USNSTPA – Article
The Italian Job
Gianluca Vialli and Gabriele Marcotti
Bantam Press, London, 2006
By Tony Edwards
USSoccerPlayers (February 26, 2007) — Gianluca Vialli’s career as player and manager in Italy and England embraced two countries with starkly contrasting soccer styles. He was so struck by the distinctions that he has written a readable, thought-provoking, and well-researched book on the soccer culture in both countries.
"The Italian Job" covers everything from fan culture and his life as a player, to his fascinating perspective on the press and the business side of the game. However, it is the book’s examination of the two countries’ tactical philosophies that ought to be most beneficial to those readers with an interest in the future development of US soccer.
Vialli won four cups as a player and then as player-manager at Chelsea, and before that was a creative and respected striker for Sampdoria, Juventus and the Italian National Team. To write this book, he enlisted the help of Gabrielle Marcotti, the London-based columnist probably best known to US readers for his intelligent commentaries on SI.com.
Instead of a typical "I did this and I did that" autobiography, the authors actually commissioned research and conducted interviews with leading coaches in the game, such as Arsene Wenger, Alex Ferguson, Marcello Lippi and Jose Mourinho. A number of other lesser-known soccer figures share the credit for the book’s thoughtful and intelligent tone.
What’s the relevance for US Soccer and MLS? Besides a mention of Landon Donovan, Vialli and Marcotti’s analysis can be applicable to our youth, professional and National Team development.
In English soccer, 4-4-2 is the standard formation. As Vialli notes, even when Sven-Goran Eriksson wanted to play a diamond midfield, his captain David Beckham told him the players weren’t comfortable with that. Eriksson readily agreed, and went back to a formation the players preferred.
Vialli contrasts this with Italian players being able to play well in different formations and with different tactics. The book offers many reasons for this, with Italy’s youth training and coaching culture being two of the principal factors. Vialli cites how EPL managers are rarely fired, and hence the formation doesn’t often change, while in Serie A and B management isn’t afraid to sack a coach. If your old coach played a 4-4-2 last week, and the new guy plays 3-5-2 this, you’d better be able to adapt.
While it might not be best for the US to completely adopt the Italian style of youth and professional training (which is often likened to a job, compared with the joy in their profession expressed by English players), it could be useful to take on Italy’s best aspects, which include developing players of high technical skill and tactical flexibility.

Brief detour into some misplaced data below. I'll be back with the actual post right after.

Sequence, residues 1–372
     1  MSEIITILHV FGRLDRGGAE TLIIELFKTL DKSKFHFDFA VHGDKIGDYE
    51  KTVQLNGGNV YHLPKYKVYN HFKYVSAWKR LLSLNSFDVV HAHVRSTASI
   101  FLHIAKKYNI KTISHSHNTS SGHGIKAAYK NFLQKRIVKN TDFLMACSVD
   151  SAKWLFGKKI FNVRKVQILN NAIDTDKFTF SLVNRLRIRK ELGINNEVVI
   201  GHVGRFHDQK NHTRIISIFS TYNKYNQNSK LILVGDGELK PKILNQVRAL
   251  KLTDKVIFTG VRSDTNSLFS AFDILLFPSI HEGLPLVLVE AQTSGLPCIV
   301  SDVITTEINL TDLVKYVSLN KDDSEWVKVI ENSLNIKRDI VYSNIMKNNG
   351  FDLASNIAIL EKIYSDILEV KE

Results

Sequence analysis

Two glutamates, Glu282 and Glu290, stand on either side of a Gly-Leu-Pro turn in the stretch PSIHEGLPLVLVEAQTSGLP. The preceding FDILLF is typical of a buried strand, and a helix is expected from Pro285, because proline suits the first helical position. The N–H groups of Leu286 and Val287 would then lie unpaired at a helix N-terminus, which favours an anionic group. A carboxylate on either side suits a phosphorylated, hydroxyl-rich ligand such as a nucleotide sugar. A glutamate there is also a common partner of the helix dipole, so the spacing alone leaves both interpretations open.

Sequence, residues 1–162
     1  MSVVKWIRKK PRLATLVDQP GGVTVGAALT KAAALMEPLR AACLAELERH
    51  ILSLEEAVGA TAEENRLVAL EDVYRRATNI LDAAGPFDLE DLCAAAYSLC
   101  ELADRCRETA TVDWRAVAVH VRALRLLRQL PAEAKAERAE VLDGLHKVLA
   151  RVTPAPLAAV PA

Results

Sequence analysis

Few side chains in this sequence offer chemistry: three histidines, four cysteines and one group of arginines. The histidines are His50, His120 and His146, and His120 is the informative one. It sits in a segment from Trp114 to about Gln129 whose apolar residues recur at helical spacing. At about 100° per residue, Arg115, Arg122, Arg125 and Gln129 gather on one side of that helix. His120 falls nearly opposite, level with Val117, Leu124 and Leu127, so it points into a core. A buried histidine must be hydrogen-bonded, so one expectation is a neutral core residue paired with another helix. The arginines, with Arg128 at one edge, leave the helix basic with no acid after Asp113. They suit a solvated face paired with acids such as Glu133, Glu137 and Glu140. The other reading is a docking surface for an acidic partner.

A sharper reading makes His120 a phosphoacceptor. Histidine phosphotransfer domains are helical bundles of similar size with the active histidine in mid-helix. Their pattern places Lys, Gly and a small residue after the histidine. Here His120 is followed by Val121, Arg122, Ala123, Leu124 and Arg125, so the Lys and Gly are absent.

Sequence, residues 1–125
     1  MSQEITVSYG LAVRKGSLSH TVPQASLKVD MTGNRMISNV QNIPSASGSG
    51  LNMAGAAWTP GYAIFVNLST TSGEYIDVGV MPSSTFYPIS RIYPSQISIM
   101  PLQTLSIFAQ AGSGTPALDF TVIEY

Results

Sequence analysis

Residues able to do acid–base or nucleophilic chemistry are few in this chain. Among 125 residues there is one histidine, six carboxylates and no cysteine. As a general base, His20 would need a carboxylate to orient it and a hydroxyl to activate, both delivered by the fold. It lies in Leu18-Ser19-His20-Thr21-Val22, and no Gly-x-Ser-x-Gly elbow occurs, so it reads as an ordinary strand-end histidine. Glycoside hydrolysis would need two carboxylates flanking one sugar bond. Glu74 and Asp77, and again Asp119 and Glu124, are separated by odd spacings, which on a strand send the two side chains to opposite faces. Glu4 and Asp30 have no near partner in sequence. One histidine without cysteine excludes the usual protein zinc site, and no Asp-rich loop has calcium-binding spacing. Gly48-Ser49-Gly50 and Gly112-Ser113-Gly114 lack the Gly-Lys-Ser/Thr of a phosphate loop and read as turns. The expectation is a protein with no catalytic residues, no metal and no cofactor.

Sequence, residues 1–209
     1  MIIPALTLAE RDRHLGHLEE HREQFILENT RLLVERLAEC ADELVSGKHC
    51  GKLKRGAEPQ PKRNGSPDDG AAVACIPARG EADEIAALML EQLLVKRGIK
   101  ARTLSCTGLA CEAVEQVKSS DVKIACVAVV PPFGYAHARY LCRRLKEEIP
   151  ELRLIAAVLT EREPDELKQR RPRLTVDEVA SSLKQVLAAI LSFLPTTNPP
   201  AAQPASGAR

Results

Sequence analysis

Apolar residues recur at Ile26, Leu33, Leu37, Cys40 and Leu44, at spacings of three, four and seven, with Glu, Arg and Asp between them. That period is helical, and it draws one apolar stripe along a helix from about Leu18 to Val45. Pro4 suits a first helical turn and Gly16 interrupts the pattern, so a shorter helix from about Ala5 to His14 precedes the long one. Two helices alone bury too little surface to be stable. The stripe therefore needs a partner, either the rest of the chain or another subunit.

It can start with the National Team and MLS, but tactical flexibility needs to begin at a much lower level. Asking a 22-year-old to adapt quickly to an entirely different tactical system is difficult, at best, and as any coach needs results to keep his or her job, it’s understandable why many aren’t willing to risk innovation.
However, coaches have to be willing to change the culture and prevent US soccer from becoming too much like England’s in the long term. With MLS instituting youth development systems (and a new women’s professional league should do the same thing), a coach with long term security and resources — Bruce Arena at New York or Frank Yallop at Los Angeles — should institute a "no 4-4-2" policy in their youth development systems.
The coaches hired for the youth and reserve teams could deliberately emphasize technical ability and tactical flexibility — that is, Galaxy reserves could play 4-3-3 one week, then 3-4-3 the next. Soccer would be less about imposing the coach’s will on the game, and more about building towards success on a higher level.
In the short term, the results might not be good. The youth coaches hired would have to be given contractual security and high enough pay to make it clear that results are not as important as developing players. For players, an education and a life beyond soccer should not be left out. In the longer term, the benefits of smarter, more technical players and coaches seems evident.
In the unique, top-down world of American soccer, it would be nice if such an initiative could be spearheaded by the US National Team coaches and the US Soccer Federation President. As a spur to a discussion of the issue, at least, they could do worse than read Vialli and Marcotti’s fine book.
Tony Edwards is the editor of BioMechanics Magazine, based in San Francisco, and a former writer for Round Not Oval. He can be reached at: firstname.lastname@example.org